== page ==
All laboratory accidents must be reported to EH&S, Lab Supervisors, and Lab Safety Coordinators. This includes:
- Large hazardous material spills
- Serious injuries (e.g., death, amputation, concussion, crushing, fracture, burn, laceration with serious bleeding or requiring stitches, or hospitalization)
- Laboratory-acquired infections
- Exposures to hazardous materials, including biohazardous material
- Incidents that have the potential to cause serious injury or harm
EH&S will conduct an accident investigation for all serious accidents.
The following forms must be used to report accidents involving an injury, illness or exposure to chemical, biological or radiological materials (via inhalation, splash or other accident):
- RF: Research Foundation Work-Related Employee Injury/Illness Incident Report
Student Accident/Injury Report
- Hospital Employees: Stony Brook Medicine Injury/Illness Report
It is also important for lab workers to report to the PI or Lab Manager all near misses that had the potential to cause serious injury or harm. Near misses provide you with the opportunity to correct potential hazards before an injury occurs. Near misses can be reported to EH&S by contacting the Laboratory Safety Specialist directly. They are not to be reported using the HR Accident Reporting process.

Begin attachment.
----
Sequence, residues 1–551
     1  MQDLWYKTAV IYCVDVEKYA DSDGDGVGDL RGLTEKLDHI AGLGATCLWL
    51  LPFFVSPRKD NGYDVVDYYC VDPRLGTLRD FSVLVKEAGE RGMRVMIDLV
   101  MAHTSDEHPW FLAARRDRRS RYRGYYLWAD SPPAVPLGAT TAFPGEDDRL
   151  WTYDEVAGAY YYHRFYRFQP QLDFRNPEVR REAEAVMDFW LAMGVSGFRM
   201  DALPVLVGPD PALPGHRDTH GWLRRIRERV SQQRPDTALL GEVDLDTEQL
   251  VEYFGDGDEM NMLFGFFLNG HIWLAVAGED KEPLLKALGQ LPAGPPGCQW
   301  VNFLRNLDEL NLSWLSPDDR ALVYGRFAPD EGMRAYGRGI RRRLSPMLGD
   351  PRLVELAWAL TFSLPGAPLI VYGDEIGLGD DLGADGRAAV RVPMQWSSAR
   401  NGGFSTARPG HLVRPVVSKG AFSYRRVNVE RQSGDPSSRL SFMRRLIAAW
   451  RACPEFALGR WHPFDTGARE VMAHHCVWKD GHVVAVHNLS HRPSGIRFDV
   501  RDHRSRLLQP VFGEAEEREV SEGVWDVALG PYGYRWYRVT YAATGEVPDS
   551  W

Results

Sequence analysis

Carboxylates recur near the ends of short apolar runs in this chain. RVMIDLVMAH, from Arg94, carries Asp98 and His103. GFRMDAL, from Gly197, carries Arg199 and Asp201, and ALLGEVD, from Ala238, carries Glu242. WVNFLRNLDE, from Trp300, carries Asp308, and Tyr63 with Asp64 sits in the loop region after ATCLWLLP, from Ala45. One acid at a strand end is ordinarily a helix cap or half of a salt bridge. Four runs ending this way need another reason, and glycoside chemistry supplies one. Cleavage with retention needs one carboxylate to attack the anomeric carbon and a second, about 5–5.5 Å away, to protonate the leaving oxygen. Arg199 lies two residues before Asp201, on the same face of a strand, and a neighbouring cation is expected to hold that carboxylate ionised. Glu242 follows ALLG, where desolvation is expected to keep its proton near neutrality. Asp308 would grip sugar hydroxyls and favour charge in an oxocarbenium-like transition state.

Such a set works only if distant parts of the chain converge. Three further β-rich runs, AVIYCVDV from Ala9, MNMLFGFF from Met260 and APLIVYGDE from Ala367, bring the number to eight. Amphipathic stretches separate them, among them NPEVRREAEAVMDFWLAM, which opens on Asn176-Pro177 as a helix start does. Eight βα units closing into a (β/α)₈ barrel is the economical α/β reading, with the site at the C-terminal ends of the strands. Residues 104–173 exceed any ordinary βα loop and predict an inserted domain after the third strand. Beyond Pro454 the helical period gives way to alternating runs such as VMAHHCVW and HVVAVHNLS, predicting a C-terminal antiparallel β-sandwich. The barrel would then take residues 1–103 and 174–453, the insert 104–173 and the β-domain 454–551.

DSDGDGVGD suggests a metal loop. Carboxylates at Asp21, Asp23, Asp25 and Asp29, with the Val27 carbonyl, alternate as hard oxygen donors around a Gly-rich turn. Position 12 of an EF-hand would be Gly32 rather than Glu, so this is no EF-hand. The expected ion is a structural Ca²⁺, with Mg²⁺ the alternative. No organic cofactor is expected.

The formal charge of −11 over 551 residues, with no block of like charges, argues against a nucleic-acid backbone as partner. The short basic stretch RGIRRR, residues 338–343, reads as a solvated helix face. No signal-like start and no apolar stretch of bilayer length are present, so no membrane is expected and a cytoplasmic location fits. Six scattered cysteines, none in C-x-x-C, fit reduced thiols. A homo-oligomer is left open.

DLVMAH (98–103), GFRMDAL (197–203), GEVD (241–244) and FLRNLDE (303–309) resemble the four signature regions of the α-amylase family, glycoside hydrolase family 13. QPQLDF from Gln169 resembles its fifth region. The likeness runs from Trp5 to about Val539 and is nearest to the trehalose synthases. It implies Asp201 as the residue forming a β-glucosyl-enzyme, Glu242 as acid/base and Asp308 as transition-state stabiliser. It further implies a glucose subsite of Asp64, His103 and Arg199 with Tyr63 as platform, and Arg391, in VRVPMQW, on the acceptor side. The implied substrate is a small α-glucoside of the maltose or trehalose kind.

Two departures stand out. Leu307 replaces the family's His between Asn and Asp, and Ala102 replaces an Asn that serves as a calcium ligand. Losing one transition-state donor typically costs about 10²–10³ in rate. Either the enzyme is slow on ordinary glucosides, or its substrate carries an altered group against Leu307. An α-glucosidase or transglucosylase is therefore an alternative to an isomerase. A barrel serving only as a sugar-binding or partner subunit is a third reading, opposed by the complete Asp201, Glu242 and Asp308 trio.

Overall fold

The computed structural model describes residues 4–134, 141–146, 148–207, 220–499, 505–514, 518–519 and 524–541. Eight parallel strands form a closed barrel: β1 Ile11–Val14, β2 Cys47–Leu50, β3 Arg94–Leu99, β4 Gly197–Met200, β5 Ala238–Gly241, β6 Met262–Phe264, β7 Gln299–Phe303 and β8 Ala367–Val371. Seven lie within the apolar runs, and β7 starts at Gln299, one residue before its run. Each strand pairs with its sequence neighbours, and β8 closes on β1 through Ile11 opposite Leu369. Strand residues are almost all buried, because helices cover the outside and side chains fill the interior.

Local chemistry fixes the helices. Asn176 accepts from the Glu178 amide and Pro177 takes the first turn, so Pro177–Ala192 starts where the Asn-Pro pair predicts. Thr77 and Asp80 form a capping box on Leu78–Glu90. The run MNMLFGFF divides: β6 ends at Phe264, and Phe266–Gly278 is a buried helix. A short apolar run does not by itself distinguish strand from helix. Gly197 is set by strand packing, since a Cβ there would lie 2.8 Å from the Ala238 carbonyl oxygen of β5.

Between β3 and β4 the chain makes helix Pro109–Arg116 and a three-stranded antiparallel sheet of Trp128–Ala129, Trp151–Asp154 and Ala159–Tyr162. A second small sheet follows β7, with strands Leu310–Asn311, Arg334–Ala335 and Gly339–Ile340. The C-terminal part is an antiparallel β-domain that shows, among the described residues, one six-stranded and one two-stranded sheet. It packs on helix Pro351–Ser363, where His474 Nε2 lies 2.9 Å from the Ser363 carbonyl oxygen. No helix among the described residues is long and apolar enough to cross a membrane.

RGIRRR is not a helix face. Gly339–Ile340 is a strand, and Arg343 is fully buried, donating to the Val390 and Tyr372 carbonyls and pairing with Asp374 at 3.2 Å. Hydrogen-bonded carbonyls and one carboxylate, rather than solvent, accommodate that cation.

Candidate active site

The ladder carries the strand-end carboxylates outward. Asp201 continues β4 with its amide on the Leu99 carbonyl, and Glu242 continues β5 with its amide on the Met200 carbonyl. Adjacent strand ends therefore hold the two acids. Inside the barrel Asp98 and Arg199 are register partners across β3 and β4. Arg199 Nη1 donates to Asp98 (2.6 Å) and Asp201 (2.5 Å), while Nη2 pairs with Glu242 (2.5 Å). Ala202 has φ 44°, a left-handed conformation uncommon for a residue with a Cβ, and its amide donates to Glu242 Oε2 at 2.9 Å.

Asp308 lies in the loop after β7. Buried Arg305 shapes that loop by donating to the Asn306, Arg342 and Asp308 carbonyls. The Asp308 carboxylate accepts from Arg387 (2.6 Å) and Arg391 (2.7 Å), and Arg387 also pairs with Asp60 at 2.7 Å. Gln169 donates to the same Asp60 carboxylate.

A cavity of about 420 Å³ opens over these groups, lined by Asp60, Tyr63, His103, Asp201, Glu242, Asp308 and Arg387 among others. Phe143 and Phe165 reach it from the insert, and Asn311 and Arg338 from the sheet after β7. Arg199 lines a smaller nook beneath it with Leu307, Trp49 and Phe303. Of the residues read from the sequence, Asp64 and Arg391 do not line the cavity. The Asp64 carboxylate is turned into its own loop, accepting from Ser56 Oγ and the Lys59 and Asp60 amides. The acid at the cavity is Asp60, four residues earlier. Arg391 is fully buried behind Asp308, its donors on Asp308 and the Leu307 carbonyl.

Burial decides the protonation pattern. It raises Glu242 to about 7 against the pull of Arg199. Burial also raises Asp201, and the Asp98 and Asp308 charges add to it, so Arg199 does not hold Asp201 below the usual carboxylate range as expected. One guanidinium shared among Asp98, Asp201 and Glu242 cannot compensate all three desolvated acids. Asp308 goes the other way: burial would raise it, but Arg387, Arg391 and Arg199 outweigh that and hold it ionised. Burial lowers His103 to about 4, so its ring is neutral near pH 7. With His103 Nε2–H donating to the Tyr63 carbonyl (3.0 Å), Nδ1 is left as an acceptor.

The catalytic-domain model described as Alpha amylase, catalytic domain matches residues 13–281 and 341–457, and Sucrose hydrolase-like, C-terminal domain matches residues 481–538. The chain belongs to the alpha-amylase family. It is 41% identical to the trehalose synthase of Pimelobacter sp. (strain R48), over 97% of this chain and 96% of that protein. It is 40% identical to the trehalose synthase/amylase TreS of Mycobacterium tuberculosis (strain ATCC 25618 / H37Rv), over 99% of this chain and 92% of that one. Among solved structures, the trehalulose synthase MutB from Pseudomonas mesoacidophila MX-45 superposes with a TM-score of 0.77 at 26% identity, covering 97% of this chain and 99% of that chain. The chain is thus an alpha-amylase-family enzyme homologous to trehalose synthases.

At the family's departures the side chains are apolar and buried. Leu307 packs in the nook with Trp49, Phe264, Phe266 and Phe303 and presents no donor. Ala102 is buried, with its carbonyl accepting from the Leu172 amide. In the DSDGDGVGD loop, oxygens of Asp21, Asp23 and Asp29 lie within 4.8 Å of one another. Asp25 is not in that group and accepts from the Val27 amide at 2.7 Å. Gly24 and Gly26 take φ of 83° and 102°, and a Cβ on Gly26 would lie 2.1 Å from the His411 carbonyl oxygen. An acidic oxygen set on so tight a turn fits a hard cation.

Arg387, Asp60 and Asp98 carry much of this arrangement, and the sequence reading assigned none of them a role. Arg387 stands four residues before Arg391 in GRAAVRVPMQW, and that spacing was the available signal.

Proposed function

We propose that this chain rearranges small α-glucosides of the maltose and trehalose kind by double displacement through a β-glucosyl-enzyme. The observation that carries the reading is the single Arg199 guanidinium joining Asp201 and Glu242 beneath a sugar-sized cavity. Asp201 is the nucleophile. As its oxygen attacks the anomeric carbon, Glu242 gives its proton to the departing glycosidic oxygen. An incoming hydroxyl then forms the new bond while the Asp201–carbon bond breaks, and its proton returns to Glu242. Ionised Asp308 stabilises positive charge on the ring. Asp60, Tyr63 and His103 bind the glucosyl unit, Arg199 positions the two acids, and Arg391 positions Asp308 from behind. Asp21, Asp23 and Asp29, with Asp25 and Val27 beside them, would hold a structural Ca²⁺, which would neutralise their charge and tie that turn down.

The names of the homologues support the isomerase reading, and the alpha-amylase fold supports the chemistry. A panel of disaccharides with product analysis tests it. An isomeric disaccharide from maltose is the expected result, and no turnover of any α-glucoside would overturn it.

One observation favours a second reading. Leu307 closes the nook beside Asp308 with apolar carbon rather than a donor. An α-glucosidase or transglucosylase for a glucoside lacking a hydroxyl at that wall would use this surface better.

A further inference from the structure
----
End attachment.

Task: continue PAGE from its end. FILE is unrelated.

Specific information will assist EH&S in recommending corrective actions that the lab can take to prevent re-occurrence. This information is part of the HR Accident Reporting process, and the information EH&S needs for near misses. The information that is needed includes:
- Injured person's name, address, etc
- Place of accident (be specific); Work location
- Specific type of injury (e.g. cut, sprain, chemical splash)
- Specific body part injured
- Was medical attention required (doctor or hospital)?
- Describe how accident occurred
- What do you think can be done to prevent this from reoccurring?
- Include any equipment involved in the incident
- What were the primary & contributing causes of the incident?
Immediate steps must be taken by the PI or Lab Manager to correct hazardous conditions or practices. The lab must document corrective actions that are taken, such as:
- Remove - dangerous situations
- Repair - equipment, process
- Replace -damaged equipment
- Retrain - on-the-job training
- Review - update and correct SOPs
- Assign responsibility and timeline for corrective actions